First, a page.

Numerical modeling of cardiac electrophysiology at the cellular scale
MICROCARD is a European research project to build software that can simulate cardiac electrophysiology using whole-heart models with sub-cellular resolution, on future exascale supercomputers. It is funded by EuroHPC call Towards Extreme Scale Technologies and Applications.
Cardiovascular diseases are the most frequent cause of death worldwide and half of these deaths are due to cardiac arrhythmia, disorders of the heart's electrical synchronization system. Computer models are essential to understand the behaviour of this complex system and its diseases. These models are already very sophisticated and widely used, but currently they are not powerful enough to take the heart's (2 billion!) individual cells into account. They must therefore assume that hundreds of cells are doing approximately the same thing. Due to this limitation, current models cannot reproduce the events in aging and structurally diseased hearts, in which reduced electrical coupling leads to large differences in behaviour between neigbouring cells, with possibly fatal consequences.
If we want to model the heart cell by cell, we face a mathematical problem that is 10,000 times larger, and also harder to solve. We will need larger supercomputers than those that exist today, and a lot of inventiveness to solve our problem efficiently on these future machines.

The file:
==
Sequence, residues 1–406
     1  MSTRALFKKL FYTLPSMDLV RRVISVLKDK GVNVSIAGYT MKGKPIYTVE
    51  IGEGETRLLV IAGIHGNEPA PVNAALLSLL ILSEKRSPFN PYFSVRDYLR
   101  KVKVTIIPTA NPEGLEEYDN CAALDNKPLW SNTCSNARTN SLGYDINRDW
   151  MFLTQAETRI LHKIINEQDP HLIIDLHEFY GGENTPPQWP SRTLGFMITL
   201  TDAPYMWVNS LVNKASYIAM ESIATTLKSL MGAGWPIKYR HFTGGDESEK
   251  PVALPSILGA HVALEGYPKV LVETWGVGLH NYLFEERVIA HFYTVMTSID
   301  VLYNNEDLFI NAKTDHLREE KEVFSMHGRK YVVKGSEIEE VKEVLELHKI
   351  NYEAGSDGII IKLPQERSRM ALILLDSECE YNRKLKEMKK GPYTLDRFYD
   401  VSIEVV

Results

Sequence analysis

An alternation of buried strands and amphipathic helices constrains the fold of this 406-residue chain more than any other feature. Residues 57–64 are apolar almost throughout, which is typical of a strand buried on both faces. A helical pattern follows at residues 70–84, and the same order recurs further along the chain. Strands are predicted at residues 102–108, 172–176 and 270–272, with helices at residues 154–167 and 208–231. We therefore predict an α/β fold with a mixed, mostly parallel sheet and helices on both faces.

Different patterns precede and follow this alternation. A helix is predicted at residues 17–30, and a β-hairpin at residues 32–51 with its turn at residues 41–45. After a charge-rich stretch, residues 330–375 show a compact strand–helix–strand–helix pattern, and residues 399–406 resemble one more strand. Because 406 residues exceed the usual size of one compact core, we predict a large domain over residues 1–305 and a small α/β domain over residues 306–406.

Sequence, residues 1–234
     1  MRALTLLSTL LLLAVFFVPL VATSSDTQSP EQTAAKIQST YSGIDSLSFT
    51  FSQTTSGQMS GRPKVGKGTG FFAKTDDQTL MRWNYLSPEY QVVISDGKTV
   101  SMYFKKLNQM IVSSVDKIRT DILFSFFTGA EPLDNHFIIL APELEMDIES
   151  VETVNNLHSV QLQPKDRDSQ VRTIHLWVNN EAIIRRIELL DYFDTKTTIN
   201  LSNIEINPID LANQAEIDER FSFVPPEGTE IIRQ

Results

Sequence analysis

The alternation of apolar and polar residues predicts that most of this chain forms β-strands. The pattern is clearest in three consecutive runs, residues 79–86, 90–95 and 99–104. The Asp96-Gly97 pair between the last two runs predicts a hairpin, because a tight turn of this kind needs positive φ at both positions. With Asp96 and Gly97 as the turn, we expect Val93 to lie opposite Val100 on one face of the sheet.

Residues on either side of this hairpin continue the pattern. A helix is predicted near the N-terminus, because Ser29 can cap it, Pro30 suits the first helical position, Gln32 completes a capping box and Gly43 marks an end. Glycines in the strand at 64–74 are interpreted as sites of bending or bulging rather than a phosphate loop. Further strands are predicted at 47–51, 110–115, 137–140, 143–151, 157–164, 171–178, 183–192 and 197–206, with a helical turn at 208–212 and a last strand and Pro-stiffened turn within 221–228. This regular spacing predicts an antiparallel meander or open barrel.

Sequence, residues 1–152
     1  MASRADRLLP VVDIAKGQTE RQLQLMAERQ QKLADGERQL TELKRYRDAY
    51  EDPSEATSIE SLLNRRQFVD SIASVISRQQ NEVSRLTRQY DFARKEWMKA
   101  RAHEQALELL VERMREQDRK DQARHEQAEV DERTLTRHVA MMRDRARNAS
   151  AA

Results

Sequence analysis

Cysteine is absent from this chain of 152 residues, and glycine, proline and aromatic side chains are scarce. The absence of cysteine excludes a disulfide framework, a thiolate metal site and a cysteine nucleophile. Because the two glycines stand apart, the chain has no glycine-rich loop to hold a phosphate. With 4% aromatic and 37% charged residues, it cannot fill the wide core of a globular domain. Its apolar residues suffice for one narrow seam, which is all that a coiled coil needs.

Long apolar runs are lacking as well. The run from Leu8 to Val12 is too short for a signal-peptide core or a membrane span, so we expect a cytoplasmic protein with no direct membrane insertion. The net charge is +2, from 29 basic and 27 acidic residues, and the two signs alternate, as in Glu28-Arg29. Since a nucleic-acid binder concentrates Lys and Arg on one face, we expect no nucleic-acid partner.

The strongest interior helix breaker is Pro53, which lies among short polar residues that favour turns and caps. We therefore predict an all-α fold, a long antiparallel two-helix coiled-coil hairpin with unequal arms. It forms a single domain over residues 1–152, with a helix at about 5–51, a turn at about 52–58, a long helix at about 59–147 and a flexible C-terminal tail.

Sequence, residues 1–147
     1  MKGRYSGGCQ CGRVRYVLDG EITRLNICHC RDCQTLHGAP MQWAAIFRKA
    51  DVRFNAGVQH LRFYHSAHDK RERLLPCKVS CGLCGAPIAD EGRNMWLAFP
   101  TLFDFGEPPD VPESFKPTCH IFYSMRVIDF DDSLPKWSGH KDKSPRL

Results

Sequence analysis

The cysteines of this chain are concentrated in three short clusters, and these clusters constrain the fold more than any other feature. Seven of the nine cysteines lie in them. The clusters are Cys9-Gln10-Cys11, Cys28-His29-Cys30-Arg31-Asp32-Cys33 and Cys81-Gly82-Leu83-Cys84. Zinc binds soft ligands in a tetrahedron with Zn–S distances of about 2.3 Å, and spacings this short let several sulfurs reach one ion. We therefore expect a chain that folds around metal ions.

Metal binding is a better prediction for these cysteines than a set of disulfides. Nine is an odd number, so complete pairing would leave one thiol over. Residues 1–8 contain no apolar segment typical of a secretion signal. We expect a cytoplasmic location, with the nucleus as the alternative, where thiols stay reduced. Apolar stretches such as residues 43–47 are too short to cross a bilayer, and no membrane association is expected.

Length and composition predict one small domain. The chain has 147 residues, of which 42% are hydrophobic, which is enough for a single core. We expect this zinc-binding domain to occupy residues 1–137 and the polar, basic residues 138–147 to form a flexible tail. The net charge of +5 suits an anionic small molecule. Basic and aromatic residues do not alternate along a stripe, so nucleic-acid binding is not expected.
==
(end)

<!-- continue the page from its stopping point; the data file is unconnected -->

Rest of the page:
The purpose of the MICROCARD project is to develop software that can solve this problem on future exascale supercomputers. We will develop algorithms that are tailored to the specific mathematical problem, to the size of the computations, and to the particular design of these future computers, which will probably owe most of their compute power to ultra-parallel computing elements such as Graphics Processing Units. We will not content ourselves with a "proof of concept", but will use the code that we develop to solve real-life problems in cardiology. Therefore the project includes computer experts, mathematicians, and biomedical engineers, and collaborates with cardiologists and physiologists.
This project has received funding from the European High-Performance Computing Joint Undertaking EuroHPC (JU) under grant agreement No 955495. The JU receives support from the European Union’s Horizon 2020 research and innovation programme and France, Italy, Germany, Austria, Norway, Switzerland.
EuroHPC projects are for one half funded by the EuroHPC Joint Undertaking, and for the other half by the national funding agencies of the project partners.
LinkedIn: @project MICROCARD
WP3/5 meeting in Berlin
On 16 and 17 March, Participants in work packages 3 and 5 met at the Zuse Institute in Berlin to discuss the state of research and software development in space and time discretizations as well as preconditioners. Concrete implementation aspects were also discussed.
Mmg release 5.7.0
Mmg version 5.7.0 was released in December, including features that are crucial for the MICROCARD project, such as 64-bit integers and several improvements in the isosurfacing functionality.
MICROCARD Periodic Report submitted
On 30 November we submitted the first of our two Periodic Reports to EuroHPC. This report covers the first 18 months of the project.
Ginkgo release 1.5.0
Version 1.5.0 of the Ginkgo library for sparse linear algebra on CPUs and GPUs was released. It includes several improvements relevant to the MICROCARD project.
Friday 24 March
14:00 WP7 meeting
Monday 27 March
15:30 WP1 meeting
Friday 31 March
10-17 Review preparation meeting
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